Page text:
examining said decrypted data for hostile content; and
if there is no hostile content, encrypting said data and passing said encrypted data through said unit which receives the data.
28. A method for securing a trusted computer communication network while allowing data to pass between said trusted computer communication network and a non trusted network, comprising the steps of:
disconnecting the trusted network from all non-trusted computer networks;
inserting a system between the trusted network and non-trusted network that maintains a physical and logical disconnection therebetween at all times by preventing data streaming therebetween yet allows passage of data thereacross;
wherein said system comprises
a master decision maker unit coupled to the trusted network and to a slave communication unit;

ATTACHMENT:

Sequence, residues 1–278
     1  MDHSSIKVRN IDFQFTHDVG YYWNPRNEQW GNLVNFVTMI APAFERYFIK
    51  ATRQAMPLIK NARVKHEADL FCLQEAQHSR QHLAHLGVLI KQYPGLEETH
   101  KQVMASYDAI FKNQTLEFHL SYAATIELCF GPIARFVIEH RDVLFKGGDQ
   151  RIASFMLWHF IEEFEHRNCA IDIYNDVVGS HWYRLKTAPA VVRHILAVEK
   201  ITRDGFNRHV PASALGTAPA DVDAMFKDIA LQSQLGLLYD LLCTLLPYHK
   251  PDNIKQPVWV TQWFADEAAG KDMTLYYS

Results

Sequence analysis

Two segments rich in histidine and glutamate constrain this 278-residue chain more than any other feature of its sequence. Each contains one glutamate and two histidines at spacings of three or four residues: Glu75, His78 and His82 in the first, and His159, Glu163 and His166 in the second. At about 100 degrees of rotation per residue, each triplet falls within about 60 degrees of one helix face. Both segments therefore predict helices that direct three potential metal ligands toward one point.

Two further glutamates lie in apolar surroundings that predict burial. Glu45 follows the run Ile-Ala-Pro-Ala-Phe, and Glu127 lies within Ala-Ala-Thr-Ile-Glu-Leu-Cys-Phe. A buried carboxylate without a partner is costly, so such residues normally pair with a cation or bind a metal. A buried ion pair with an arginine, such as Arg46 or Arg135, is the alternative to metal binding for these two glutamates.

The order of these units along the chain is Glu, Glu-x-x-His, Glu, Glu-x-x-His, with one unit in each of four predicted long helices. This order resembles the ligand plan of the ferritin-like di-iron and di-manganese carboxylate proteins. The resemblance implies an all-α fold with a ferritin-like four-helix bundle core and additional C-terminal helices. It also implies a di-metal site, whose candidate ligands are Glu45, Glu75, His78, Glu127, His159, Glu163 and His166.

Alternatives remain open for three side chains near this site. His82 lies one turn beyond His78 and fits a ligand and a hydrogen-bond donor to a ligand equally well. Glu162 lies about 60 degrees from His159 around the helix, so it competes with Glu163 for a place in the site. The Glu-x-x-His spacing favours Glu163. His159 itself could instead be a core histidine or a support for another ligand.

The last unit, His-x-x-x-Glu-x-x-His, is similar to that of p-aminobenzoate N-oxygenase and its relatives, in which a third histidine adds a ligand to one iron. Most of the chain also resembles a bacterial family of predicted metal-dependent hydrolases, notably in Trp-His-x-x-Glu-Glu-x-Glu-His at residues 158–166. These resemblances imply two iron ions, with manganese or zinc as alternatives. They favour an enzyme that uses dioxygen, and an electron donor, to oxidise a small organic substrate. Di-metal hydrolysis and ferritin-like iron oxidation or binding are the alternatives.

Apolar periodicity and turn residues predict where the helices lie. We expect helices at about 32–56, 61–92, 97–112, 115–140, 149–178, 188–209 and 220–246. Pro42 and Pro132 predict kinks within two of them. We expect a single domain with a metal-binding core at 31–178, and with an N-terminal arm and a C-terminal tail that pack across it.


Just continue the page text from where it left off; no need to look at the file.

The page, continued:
said master unit including a master computer and a master wide bus gate card;
said slave unit including a slave computer and a slave wide bus gate card;
said master unit being connected to said slave unit by a wide bus connection connecting said master wide bus gate card to said slave wide bus gate card;
and said wide gate cards including a chip based circuit that only allows static data to pass therethrough;
wherein all data import processes into said trusted network occur over said wide bus connection through said chip based circuit, in accordance with the following steps:
(i) initiating a data import process by said master unit or by said slave unit subject to approval of said master unit and thereby enabling transportation of data between said trusted network and said non-trusted network only with approval of said master unit;
(ii) receiving said data from said non-trusted network at said slave computer;
(iii) signing said data with data signature thereby causing data to become static